Magazine | July 30, 2018, Issue

Poetry

(Shannon Stapleton/Reuters)

AFTER THE RAIN

But even the rain,
toward dusk,
gets tired of it.
It clears,
and a spacious, surprised silence
replaces the rain.

Only the eaves’ dripping
admits it was here.

Walking down the slope,
soaked with pine debris,
you come to Lake George
flush with the last evening sun,
wetter and brighter now
after the rain.

Across the bay
the girl with gold hair’s
perched on the raft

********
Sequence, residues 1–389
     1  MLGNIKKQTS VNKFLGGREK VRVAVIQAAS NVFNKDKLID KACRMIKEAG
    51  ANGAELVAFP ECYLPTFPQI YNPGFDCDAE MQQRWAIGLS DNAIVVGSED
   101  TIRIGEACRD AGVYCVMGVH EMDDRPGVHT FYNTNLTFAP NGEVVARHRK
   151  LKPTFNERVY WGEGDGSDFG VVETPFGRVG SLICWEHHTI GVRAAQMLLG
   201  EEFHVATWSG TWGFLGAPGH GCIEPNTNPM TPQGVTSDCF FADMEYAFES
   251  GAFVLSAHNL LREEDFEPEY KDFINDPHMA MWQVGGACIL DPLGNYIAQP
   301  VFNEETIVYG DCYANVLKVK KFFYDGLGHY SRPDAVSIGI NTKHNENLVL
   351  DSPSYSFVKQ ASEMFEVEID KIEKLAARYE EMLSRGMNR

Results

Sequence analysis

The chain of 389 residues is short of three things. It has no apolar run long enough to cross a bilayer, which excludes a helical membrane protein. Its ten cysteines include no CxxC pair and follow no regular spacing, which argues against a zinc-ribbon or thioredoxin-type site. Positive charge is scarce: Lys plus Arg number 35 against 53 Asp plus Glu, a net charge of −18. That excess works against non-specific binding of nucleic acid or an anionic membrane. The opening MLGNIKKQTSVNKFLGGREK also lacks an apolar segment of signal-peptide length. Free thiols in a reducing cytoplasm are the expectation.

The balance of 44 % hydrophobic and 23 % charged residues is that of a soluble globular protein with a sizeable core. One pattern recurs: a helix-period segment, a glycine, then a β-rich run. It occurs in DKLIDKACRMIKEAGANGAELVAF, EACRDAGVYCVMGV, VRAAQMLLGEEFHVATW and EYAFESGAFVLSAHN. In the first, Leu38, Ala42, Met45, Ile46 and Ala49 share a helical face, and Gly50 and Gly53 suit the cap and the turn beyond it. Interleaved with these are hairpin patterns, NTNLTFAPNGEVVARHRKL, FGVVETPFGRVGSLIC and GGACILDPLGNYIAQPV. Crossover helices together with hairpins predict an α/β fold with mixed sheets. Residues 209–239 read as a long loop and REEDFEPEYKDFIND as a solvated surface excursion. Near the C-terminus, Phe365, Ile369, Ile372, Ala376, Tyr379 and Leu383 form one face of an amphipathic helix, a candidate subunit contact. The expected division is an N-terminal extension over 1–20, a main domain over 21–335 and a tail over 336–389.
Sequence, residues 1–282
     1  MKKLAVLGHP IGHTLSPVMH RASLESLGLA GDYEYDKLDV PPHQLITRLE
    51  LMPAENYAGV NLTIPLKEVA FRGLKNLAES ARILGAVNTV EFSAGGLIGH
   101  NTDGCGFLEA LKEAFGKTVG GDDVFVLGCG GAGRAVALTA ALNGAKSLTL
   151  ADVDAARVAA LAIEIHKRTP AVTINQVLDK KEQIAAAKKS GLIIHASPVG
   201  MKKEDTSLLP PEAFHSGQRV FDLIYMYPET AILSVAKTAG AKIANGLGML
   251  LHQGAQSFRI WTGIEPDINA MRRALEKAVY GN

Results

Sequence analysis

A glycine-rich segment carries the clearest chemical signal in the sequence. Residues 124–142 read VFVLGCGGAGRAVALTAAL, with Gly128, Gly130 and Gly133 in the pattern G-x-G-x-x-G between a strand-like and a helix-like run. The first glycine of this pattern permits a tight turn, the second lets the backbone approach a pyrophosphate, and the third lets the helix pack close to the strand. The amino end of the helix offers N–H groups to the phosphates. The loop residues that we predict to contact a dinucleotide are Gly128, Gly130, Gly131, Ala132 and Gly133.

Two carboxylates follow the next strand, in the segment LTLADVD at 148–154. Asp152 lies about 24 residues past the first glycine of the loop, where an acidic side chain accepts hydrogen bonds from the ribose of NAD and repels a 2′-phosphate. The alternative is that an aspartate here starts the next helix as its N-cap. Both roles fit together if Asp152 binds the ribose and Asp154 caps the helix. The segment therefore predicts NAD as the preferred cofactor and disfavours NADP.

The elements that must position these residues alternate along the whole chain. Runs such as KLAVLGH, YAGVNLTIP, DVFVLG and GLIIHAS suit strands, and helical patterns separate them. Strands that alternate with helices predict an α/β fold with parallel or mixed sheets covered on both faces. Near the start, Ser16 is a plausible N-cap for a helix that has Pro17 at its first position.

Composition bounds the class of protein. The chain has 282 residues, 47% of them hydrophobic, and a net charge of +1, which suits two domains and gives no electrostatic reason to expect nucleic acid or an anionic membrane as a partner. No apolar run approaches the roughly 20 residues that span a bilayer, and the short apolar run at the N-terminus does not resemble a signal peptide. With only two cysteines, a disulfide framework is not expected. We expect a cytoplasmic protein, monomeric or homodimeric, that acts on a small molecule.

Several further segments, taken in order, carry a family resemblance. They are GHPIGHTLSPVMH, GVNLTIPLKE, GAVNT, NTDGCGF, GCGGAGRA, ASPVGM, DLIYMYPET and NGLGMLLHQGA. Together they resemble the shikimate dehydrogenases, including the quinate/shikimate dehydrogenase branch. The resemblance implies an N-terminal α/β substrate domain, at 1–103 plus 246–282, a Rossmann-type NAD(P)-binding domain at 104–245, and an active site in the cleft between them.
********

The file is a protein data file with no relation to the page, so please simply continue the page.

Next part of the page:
in a refulgent ray.

In this limpid world
you think you could swim to her,
or float your voice over
on the glassy air.

P. David Hornik — is a writer and translator from upstate New York, currently living in Beersheba, Israel. His novel Beside the Still Waters is forthcoming later this year from Adelaide Books.

In This Issue

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Features

Books, Arts & Manners

Books

Wisconsin Spring

Charles J. Sykes reviews The Fall of Wisconsin: The Conservative Conquest of a Progressive Bastion and the Future of American Politics, by Dan Kaufman.

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